40. This in turn led to the series of events related to the taped claim of responsibility and the subsequent telephone calls made to media outlets. The Commission is examining the hypothesis that one or more members of the bomb team was responsible for delivering the tape and making the subsequent telephone calls to the media. Other variations on this hypothesis are being explored to establish the numbers of perpetrators who may have been involved on the day of the attack.
UNIIIC Report #8 (Brammertz, 12 Jul 2007)
41. The Commission has consolidated its sizeable holdings of call records, communications data and analyses related to specific time periods, institutions and individuals of relevance to the Hariri investigation. Since its inception, the Commission has acquired more than 5 billion records of telephone calls and text messages sent through cellular phones in Lebanon, as well as communications data from a number of other countries. The Commission has also acquired a very large number of detailed subscriber call records. Since 2005, the Commission has issued more than 300 requests for assistance to support its communications analysis related to the Hariri investigation.
42. The Commission’s communications analysis provides valuable input to the investigations in establishing links between individuals, analysing the behaviour and activity of a number of persons of interest to the investigations and analysing call patterns for specific numbers, times and locations. It is also a very valuable resource in preparing for witness interviews. Given the proven investigative value and potential of communications analysis, the Commission has recently sought outside expertise to help exploit its communications data holdings and analysis. The Commission has also recently acquired new hardware and software, which will allow it to conduct more comprehensive data searches.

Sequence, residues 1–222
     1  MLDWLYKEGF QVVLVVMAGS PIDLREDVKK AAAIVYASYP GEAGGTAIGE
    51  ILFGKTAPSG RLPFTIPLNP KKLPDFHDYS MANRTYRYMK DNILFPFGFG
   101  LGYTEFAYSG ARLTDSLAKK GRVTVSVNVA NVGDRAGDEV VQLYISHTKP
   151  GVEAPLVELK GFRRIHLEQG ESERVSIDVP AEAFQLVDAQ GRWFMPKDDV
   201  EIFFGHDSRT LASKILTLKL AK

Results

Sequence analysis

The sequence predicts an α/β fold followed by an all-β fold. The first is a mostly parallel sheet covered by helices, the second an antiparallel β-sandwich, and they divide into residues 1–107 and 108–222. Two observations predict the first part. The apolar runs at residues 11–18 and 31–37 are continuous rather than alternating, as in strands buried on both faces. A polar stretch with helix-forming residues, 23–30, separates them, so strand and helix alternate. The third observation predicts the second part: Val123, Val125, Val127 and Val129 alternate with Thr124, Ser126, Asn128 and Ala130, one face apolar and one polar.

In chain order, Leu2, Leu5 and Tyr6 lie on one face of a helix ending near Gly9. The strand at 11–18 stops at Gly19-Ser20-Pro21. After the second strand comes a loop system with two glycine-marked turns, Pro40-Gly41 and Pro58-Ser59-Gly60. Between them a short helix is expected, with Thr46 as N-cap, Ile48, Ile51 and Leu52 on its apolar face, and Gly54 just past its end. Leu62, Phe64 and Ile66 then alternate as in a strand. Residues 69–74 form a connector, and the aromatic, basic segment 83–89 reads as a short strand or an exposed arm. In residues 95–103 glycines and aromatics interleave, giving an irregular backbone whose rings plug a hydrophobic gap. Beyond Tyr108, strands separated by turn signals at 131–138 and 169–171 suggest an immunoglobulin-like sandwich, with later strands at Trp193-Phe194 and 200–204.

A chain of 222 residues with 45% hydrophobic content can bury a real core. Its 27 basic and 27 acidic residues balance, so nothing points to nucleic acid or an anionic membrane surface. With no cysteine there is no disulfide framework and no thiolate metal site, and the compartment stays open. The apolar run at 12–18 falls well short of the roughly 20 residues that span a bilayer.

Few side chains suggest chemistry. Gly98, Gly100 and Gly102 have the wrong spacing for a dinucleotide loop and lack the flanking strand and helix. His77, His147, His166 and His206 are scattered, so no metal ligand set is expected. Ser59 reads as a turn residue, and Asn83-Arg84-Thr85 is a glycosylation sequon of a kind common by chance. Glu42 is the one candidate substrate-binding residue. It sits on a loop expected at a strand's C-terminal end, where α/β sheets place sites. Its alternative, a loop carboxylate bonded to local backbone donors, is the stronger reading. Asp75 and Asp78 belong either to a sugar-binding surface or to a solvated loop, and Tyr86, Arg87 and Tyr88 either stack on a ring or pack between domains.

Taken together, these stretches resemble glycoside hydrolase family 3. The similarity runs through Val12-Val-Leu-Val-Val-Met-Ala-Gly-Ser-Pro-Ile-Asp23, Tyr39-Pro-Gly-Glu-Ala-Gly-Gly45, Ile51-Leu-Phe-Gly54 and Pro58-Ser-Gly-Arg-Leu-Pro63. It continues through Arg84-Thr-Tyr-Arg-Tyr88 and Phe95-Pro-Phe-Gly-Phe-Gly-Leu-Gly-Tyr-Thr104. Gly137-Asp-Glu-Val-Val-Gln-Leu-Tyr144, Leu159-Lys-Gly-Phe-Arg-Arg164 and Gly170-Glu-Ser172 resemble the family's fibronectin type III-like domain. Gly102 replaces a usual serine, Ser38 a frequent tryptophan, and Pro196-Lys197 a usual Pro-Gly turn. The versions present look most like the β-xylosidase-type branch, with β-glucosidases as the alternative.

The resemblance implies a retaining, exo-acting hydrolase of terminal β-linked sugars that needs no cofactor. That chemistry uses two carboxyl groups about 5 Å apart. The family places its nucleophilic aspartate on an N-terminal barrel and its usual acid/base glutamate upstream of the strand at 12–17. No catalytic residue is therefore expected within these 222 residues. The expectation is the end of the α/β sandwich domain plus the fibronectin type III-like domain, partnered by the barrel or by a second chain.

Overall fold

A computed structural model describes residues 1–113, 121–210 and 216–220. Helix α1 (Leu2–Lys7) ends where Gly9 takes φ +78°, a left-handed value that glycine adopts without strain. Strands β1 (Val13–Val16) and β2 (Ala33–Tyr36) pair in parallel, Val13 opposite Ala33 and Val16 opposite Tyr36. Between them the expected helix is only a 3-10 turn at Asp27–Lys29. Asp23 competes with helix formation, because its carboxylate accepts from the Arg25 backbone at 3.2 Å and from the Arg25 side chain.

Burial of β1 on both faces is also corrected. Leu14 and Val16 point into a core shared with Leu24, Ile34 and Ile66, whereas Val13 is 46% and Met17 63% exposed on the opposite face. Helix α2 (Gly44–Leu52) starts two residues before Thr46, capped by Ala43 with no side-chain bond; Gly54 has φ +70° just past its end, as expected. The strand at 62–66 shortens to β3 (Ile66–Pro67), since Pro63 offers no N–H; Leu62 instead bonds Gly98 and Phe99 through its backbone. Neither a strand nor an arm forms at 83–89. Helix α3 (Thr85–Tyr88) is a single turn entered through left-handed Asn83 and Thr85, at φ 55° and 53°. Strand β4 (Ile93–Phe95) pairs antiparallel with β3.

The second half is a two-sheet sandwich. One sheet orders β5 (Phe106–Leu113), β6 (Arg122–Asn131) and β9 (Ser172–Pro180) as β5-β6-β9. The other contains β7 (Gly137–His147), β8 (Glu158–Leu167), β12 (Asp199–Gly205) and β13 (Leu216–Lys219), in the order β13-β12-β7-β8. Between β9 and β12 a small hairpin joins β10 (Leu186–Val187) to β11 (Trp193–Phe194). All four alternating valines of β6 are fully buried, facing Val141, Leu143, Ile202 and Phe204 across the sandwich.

43. On the basis of the consolidation exercise, the Commission has confirmed and advanced its earlier conclusions that individuals using six mobile cellular telephone SIM cards acted in a coordinated manner to conduct surveillance on Rafik Hariri in the weeks prior to his assassination. A detailed analysis of the use of these cards on the day of the assassination indicates that these individuals played a critical role in the planning and execution of the attack itself, as demonstrated by their movements and call patterns. The Commission has established the origins of the SIM cards and is finalizing its understanding of the circumstances around the sale of the cards and a number of handsets to the individuals who made use of them in the surveillance of Rafik Hariri. A number of interviews were held during the reporting period to advance this line of inquiry.